Hmong Health is part of the pages about the Hmong people by Jeff Lindsay. These pages begin with "The Tragedy of the Hmong."
On this page, I discuss my observations about Hmong health issues and offer my personal advice. I am not a medical doctor, but do care and follow research on health and am a Ph.D. scientist working in a health and hygiene company (Kimberly-Clark Corporation). What I offer here, though, is really mostly common sense, in my opinion. I believe some of the discussion here might be helpful to my friends in the Hmong community.
Stay healthy and enjoy life!
Health Issue #1: Nutrition and Exercise
Hmong food is delicious and nutritious. Check out The Hmong Cookbook to see some of the beautiful and delicious foods that can be part of Hmong cuisine. But like most Americans, many Hmong people don't always eat the healthy variety of foods that they should. In American society, some Hmong people fall into the trap of feeding their kids lots of snacks and soda that might be convenient but certainly aren't healthy. So now we're seeing lots of young Hmong kids becoming overweight, when that's not part of traditional Hmong culture.
Healthy eating means fewer snacks and more fresh fruits, vegetables, and grains. Go easy on fats and meats, and be sure to include a lot of greens and other vegetables in the diet. Cut back on sugar. And dairy products, traditionally not part of the Hmong diet, aren't necessarily the best thing for your kids. Many Hmong people are lactose intolerant, and even if not, dairy products raise a lot of questions. I suggest staying natural, avoiding too much meat or dairy products, and having a varied diet.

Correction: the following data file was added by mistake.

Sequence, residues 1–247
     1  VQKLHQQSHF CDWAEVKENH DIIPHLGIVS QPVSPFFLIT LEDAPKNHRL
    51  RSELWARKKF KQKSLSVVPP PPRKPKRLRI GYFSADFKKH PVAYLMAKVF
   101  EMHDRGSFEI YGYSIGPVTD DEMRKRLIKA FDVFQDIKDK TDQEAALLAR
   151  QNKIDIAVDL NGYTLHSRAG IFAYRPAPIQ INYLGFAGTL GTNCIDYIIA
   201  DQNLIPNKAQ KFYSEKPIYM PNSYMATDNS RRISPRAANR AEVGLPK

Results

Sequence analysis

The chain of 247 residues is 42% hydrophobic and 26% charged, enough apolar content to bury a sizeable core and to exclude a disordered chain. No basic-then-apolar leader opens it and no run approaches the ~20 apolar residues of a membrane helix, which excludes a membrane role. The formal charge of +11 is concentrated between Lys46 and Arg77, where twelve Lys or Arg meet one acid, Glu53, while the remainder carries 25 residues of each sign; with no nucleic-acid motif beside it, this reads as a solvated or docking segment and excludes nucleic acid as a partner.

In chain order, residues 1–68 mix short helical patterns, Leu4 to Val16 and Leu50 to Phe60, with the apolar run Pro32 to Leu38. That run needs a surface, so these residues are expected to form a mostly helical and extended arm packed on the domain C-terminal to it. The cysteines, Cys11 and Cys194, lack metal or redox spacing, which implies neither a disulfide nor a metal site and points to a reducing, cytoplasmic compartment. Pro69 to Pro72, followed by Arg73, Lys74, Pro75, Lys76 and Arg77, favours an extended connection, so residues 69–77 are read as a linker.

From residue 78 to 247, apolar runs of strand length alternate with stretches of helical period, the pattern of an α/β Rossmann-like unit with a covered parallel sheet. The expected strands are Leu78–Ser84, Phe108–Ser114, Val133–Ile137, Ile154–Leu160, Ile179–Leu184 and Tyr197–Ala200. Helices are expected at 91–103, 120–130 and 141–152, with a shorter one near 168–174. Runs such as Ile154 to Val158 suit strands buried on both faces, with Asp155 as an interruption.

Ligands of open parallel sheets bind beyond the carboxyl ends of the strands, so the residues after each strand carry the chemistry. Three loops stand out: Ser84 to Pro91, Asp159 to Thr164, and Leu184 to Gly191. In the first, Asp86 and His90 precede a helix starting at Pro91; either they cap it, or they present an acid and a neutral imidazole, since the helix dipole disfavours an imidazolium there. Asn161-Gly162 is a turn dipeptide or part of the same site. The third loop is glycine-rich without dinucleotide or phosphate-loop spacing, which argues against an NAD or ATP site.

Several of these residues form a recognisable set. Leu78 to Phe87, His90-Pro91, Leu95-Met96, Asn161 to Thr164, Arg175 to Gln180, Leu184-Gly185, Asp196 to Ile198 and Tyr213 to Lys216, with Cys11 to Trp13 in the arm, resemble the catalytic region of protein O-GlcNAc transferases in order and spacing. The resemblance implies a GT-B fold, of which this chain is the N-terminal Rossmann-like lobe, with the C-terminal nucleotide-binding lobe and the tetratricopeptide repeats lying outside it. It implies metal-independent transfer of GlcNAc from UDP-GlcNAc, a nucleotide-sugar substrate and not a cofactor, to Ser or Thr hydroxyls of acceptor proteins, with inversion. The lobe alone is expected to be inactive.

Be sure to add exercise to your lifestyle. Many young people get plenty of exercise, playing soccer and volleyball, for example. But some adults don't get enough. Help your parents go on walks and make sure they stay active, and do the same for your kids. The basics of good diet and good exercise can help keep you away from the hospital or the doctor's office and live a healthier, richer life.
I am surprised at how many Hmong adults are afflicted with kidney failure and need dialysis. My observations suggest that one possible cause might be that many Hmong adults do not drink much water. People, you need water. Water helps flush waste products from your system and helps keep your kidneys healthy. Drink several glasses of water a day. Hypertension can also be a big factor in kidney failure. Many Hmong people don't understand the risk of hypertension and might overlook getting their blood pressure checked regularly. Encourage your Hmong friends or family, especially those over 40, to have frequent blood pressure measurements. This is very important. Blood pressure can often be checked for free, such as with the free equipment available at many Wal-Mart stores near the pharmacy area.
Health Issue #3: Fear of Medical Doctors
Let me share a story about a man in Wisconsin who was suffering from kidney failure. He was a middle-aged man, a kind and intelligent man, who still didn't understand American ways. He had become ill with kidney problems and went to see an American doctor. A prescription was given. When he went to the pharmacy to get his medicine, the pharmacist mistakenly gave him the medicine for another Hmong man with the same name. What bad luck that two people with the same name had prescriptions to be picked up at the same time! But this can easily happen when so many people share the same name. Remember, there are only 13 different last names in Hmong culture, and a fairly small set of common first names. The medicine for this other people was not what he needed. In fact, it made him very ill. This could have been fatal. Naturally, the Hmong man now did not have much trust for American doctors.
His condition grew worse, and the doctors told him that he needed to get dialysis to keep him alive. He refused, though.